Mexican icon Chavela Vargas
Chavela Vargas, one of the most iconic singers across the Spanish-speaking world, has died from respiratory failure in Cuernavaca, south of Mexico City.
Vargas was a contemporary, friend and frequent house guest of luminaries Frida Kahlo and Diego Rivera and a close friend to Spanish writer Federico Garcia Lorca, for whom she dedicated her last album, La Luna Grande
. The singer became ill while touring the record in Spain weeks ago, her medical report said she was suffering from congestive heart failure, chronic renal failure and lung disease.
Born Isabel Vargas Lizano in Costa Rica’s San Joaquin de Flores in Costa Rica, she immigrated to Mexico at 14. Vargas started to sing on the streets as a teenager before achieving fame in her thirties when she was discovered by composer José Alfredo Jiménez.
She became known as "the rough voice of tenderness" for her inimitable gender bender renditions of lusty rancheras
challenging Mexicans with their perceptions of what it meant to be a female singer.
"I was never afraid of anything because I never hurt anyone," Vargas told the audience at a tribute concert in Mexico City last year. "I was always an old drunk."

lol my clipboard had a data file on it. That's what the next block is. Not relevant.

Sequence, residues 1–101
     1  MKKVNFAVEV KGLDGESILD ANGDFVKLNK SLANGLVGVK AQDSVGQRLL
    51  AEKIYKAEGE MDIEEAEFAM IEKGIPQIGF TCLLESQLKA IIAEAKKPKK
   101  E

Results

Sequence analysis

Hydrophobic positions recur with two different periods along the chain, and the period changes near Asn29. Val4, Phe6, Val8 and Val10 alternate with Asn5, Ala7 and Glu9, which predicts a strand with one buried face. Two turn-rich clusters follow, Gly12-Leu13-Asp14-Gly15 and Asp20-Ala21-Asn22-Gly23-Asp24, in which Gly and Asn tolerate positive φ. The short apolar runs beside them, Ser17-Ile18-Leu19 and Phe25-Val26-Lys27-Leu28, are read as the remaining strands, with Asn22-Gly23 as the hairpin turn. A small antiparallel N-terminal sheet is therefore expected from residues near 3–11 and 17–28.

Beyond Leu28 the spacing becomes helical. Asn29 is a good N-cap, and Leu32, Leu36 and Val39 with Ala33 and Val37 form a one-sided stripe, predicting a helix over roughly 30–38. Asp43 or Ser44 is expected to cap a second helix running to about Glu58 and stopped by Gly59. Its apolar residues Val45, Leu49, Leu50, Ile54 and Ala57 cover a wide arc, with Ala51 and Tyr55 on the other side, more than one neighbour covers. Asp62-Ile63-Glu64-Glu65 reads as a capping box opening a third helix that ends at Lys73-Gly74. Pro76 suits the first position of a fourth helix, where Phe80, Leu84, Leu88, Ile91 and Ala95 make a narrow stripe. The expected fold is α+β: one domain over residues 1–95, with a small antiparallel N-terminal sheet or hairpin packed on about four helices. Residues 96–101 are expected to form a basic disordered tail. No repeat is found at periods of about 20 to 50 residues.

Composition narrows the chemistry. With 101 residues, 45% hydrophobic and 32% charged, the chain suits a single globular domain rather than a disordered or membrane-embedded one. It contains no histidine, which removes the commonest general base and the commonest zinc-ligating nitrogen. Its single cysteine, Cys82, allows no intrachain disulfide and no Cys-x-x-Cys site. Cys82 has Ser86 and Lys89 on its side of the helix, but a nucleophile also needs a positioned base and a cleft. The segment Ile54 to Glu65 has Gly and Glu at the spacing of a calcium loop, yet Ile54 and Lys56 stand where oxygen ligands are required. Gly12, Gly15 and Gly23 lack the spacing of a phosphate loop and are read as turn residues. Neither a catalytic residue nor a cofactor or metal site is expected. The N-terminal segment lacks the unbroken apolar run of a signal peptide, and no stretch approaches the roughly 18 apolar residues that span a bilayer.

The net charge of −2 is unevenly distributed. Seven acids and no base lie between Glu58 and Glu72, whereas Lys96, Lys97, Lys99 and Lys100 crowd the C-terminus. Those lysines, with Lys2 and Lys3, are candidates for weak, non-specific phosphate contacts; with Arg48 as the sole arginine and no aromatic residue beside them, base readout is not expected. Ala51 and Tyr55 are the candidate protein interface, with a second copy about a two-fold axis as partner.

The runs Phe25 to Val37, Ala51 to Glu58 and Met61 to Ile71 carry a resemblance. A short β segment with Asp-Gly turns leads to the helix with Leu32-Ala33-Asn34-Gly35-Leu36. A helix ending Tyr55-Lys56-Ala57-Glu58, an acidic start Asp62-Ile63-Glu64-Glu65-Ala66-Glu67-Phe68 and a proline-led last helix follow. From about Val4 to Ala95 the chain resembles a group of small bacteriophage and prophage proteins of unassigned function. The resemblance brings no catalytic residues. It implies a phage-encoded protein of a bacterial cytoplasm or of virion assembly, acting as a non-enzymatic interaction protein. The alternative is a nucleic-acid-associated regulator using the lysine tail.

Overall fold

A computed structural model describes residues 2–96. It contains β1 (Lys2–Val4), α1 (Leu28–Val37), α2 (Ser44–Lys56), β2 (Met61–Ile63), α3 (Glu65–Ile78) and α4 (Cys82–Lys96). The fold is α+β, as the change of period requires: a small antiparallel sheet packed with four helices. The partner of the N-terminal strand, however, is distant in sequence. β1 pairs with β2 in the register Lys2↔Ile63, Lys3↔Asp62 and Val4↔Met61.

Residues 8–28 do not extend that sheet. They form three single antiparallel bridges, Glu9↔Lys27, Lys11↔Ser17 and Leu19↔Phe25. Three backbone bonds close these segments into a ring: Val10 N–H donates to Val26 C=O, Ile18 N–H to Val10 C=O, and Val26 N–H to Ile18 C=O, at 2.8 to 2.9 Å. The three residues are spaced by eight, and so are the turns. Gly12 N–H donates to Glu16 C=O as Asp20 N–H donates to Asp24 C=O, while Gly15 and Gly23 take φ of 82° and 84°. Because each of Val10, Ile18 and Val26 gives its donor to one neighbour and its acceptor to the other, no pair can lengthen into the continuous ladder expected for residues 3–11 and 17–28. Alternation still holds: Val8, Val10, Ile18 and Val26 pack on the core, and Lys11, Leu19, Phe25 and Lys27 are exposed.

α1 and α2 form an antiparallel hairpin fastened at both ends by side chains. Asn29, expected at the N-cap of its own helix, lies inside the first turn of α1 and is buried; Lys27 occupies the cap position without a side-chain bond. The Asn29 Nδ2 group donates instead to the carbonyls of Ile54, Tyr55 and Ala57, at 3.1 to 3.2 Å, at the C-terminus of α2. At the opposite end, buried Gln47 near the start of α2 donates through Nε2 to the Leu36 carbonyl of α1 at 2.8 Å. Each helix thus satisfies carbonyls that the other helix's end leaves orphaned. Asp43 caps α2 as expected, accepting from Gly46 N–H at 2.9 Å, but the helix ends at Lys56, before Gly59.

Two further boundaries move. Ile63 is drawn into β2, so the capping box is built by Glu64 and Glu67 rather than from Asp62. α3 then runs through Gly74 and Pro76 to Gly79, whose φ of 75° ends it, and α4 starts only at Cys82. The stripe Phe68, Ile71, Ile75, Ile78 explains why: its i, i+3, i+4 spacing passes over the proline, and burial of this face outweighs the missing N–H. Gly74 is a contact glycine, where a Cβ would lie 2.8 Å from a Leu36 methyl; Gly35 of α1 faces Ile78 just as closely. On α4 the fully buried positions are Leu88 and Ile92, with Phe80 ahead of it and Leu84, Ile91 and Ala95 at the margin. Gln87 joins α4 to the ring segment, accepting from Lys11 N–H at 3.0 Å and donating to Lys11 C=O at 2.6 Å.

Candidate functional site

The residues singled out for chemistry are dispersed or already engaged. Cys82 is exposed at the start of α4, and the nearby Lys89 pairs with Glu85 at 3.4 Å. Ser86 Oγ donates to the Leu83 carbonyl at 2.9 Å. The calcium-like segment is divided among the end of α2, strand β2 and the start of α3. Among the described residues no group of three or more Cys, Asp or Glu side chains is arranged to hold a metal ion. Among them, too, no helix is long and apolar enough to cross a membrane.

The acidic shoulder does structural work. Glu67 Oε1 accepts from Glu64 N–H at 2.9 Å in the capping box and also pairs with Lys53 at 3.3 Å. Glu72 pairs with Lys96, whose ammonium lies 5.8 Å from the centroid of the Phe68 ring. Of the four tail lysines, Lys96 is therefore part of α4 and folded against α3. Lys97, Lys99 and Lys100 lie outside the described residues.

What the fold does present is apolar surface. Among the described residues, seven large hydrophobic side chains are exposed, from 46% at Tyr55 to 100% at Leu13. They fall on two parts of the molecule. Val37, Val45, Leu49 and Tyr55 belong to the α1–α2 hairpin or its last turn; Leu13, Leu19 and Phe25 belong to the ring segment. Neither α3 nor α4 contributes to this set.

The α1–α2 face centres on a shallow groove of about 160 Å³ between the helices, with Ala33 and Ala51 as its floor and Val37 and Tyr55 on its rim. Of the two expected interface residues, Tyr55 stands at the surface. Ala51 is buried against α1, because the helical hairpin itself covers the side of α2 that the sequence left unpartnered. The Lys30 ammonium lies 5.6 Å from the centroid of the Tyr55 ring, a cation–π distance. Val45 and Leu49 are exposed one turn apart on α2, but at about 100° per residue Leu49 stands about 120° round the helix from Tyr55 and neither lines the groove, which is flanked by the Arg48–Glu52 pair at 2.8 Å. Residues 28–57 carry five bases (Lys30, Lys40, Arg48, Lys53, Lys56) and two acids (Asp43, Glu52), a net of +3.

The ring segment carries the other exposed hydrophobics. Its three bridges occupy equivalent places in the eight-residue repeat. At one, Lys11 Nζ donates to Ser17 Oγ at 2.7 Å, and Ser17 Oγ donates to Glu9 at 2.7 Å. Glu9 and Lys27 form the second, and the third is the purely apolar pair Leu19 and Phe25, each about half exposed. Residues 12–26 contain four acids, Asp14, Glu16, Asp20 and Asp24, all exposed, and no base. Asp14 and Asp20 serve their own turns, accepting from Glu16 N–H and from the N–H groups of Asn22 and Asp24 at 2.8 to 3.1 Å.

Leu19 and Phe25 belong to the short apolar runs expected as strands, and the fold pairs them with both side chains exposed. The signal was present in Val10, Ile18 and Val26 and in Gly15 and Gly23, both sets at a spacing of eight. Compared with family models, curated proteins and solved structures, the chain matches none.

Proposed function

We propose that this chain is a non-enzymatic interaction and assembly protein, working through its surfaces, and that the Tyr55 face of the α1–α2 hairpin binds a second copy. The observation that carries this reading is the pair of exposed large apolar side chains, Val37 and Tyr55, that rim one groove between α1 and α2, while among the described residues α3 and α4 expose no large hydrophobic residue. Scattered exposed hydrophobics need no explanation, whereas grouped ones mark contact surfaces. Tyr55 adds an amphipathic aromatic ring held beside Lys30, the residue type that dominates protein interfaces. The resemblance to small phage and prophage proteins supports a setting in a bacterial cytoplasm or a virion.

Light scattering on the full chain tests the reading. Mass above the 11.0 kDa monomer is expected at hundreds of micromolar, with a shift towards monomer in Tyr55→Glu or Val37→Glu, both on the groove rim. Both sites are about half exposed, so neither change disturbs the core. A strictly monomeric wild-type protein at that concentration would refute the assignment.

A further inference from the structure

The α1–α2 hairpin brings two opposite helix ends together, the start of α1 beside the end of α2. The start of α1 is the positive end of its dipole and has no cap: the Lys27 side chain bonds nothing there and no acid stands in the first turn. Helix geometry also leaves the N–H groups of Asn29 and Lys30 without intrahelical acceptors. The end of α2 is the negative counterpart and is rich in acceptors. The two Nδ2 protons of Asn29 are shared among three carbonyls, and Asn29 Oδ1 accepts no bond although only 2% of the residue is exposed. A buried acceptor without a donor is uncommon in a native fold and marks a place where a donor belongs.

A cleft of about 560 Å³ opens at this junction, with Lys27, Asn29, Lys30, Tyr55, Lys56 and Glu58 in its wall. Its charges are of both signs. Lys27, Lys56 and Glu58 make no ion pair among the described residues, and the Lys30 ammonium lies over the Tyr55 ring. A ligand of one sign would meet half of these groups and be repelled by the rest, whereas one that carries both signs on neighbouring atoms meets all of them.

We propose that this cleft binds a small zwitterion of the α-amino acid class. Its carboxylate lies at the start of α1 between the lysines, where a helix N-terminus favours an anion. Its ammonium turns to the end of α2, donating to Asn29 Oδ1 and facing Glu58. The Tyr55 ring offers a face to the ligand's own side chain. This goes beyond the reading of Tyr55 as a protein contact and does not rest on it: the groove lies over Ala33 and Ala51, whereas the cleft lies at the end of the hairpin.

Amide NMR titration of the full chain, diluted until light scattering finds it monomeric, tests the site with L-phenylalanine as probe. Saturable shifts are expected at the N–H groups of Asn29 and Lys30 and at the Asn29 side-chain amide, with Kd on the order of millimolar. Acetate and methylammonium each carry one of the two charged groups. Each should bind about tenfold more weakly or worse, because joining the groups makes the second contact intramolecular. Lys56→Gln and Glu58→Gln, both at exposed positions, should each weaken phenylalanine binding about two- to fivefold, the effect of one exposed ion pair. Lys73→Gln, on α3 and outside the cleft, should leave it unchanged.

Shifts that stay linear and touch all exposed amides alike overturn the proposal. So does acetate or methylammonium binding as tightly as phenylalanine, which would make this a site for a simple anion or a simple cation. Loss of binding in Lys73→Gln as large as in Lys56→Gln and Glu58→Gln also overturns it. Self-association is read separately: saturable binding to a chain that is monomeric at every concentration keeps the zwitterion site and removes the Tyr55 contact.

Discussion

Vargas publicly came out as a lesbian when she was 81. "What hurt was not being homosexual, but what they throw it in my face as if it were the plague," she wrote in her autobiography If You Want To Know About My Past
Fans of all ages and economic and social strata gathered in Mexico City’s Garibaldi Plaza in Mexico City to mourn the loss of their legendary ranchera
last Monday. An emotional official farewell ceremony at Palacio de Bellas Artes followed on Tuesday with performances by Eugenia Leon, Lila Downs and Tania Liberdad who sang Vargas’ famous classics such as Flor de Azalea
and Volver, volver
According to Vargas’ closest friend and biographer, Maria Cortina, the singer’s remains will be cremated and her ashes scattered across Chalchi Hill in Tepoztlán, where Vargas spent her last years, and San Luis Potosí, where Vargas was induced a shaman by the Huichol community.
"I'm not going to die, because I am a shaman and we do not die, we transcend," Vargas was reported
saying last Friday.
Spanish filmmaker Pedro Almodóvar, who featured many of Vargas’ songs in his films and even a cameo appearance in The Flower of My Secret
, is probably the one person who can explain the death of Vargas best.
"I don't think there is a stage big enough in this world for Chavela," he wrote.